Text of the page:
Malware Analysis - Keymarble

Vishal Thakur
Article by Vishal Thakur

InfoSec researcher specialising in Incident Response and Malware Analysis.

Introduction

Keymarble is a trojan malware that has recently been seen in the wild.
US CERT released initial information about this malware late last week which can be accessed here - https://www.us-cert.gov/ncas/analysis-reports/AR18-221A

In this article, we analyse the malware and try to understand the execution flow. We also look at some useful network IOC that can be extracted from the malware. Some of these have been documented in the release that has been linked above. We'll look at some other IOC that have not yet been released publicly. This is a quick analysis that looks at the malware from an IR point of view.

Analysis

Let's start by looking at the modules that are loaded initially upon execution:
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For the purpose of network-based IOC, we will focus on the module ws2_32.dll.
We start by putting breakpoints at the relevant function calls and execute the malware.

The C2 IP addresses are hard-coded into the binary and are hit quickly while executing.

These can be extracted quite easily from the stack. Let's start by taking a look at the stack values one by one for all the three IPs:

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These IP's can also be extracted from the mem-dump of the process, as they are loaded on to the memory by the main module on execution:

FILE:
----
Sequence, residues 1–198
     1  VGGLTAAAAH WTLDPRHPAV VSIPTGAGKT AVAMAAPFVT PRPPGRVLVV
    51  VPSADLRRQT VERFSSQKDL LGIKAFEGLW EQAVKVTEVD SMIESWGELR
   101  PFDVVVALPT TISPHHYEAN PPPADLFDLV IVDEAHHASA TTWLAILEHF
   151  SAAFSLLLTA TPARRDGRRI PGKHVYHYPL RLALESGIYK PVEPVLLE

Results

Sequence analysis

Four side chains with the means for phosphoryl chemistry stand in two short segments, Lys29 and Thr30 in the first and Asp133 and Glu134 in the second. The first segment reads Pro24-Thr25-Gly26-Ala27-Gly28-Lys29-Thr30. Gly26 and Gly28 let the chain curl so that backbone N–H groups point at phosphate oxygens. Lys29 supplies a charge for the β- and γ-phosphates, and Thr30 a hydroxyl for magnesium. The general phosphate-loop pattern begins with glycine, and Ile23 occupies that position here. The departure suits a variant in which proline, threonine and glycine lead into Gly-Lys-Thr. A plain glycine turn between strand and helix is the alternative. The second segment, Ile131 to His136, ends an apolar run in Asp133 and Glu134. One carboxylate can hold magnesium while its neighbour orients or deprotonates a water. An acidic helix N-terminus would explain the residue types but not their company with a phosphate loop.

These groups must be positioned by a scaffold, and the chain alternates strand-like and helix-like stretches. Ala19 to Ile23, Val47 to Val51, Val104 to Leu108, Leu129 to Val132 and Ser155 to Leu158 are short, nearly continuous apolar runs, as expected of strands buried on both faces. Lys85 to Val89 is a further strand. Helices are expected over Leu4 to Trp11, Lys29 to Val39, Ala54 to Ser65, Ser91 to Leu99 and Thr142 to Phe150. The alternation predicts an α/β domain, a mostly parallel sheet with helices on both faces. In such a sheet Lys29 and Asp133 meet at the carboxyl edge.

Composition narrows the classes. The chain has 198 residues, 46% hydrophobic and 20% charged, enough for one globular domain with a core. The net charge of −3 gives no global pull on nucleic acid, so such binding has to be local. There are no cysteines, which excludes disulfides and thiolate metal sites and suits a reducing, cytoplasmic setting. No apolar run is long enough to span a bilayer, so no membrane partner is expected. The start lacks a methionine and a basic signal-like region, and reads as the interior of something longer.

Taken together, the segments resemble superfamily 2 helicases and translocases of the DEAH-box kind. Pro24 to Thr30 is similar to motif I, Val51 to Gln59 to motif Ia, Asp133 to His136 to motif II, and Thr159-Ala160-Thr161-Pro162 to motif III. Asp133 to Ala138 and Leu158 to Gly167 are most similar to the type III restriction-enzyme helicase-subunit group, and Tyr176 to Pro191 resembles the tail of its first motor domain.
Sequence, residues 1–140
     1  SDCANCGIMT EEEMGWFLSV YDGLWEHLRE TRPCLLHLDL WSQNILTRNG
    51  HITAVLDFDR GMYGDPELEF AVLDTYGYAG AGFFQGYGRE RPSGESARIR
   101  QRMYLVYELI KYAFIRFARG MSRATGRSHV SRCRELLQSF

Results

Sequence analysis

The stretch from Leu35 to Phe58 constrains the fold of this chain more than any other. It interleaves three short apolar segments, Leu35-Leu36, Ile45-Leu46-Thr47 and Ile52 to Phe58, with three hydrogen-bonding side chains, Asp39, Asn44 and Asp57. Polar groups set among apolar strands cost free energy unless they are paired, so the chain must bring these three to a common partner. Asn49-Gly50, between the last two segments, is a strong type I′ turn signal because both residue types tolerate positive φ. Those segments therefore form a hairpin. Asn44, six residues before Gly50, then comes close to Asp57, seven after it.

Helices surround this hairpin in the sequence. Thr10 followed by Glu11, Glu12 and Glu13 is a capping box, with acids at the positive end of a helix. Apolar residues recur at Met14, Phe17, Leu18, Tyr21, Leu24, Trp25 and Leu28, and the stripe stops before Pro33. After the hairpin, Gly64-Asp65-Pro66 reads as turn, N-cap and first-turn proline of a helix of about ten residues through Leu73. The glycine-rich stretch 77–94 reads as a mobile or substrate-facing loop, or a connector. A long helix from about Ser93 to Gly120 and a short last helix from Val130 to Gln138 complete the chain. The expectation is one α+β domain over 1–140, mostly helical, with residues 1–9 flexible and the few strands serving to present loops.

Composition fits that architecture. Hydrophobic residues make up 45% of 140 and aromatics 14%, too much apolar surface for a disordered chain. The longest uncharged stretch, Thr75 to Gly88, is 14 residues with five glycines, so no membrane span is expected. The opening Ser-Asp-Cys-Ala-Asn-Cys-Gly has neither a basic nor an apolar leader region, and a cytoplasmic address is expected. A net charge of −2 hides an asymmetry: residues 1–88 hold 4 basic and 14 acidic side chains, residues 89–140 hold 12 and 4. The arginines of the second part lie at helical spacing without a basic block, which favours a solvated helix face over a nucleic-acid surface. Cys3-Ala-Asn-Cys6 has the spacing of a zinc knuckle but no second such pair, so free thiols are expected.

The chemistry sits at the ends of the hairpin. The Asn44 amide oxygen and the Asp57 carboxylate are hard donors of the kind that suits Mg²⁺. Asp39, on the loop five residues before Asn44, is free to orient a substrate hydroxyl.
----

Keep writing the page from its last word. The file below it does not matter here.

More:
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There are some other interesting bits that we can see by analysing the binary.

It makes a call to google.com - this looks like a connectivity test. Let's take a look at the registers:

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And here's the memory dump:

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There are a few calls to the Sleep function - this is to delay the execution. We can edit the values on the stack and registers to make the executable run faster.

The time varies from 3000 ms to 60000 ms.

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Here we can see that it's trying to get the local time of the machine -

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This is a part of the code that extracts the computer name:

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This information is collected to be sent back to the C2.

Another interesting thing we can see hard-coded into the binary is the geo-locations of major cities/countries from all over the world (stock list most probably):

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If you look up the co-ordinates, they give you the geo-location:

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At this time, the C2 locations are not actively serving content:

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Conclusion

Keymarble is a trojan that has capabilities that make it operate as a RAT. The C2 IP address is hard-coded into the binary. We were able to extract some more information from the binary that can be used for monitoring purposes. Any direct requests to www.google.com from applications other than browsers is a usable IOC for this malware - it could be noisy but depending on your setup, can be used for monitoring mode and based on the results, can be used further.

We can also see that there are a couple of domains (non-malicious) that are loaded into the memory (this was extracted from the memory dump of the process) -

pnrp.net
ipv6-literal.net

This was also requested by the process:

a.59.160.194.104.servpac.com - port:443

Hard-coded IPs:

104.194.160.59
100.43.153.60
212.143.21.43

MD5: 704d491c155aad996f16377a35732cb4

SHA256: e23900b00ffd67cd8dfa3283d9ced691566df6d63d1d46c95b22569b49011f09

SSDEEP: 3072:IDdXEYhXxS550wwiY0Pe6Q1vLo4lJnCtea:EXEEXxcQxZ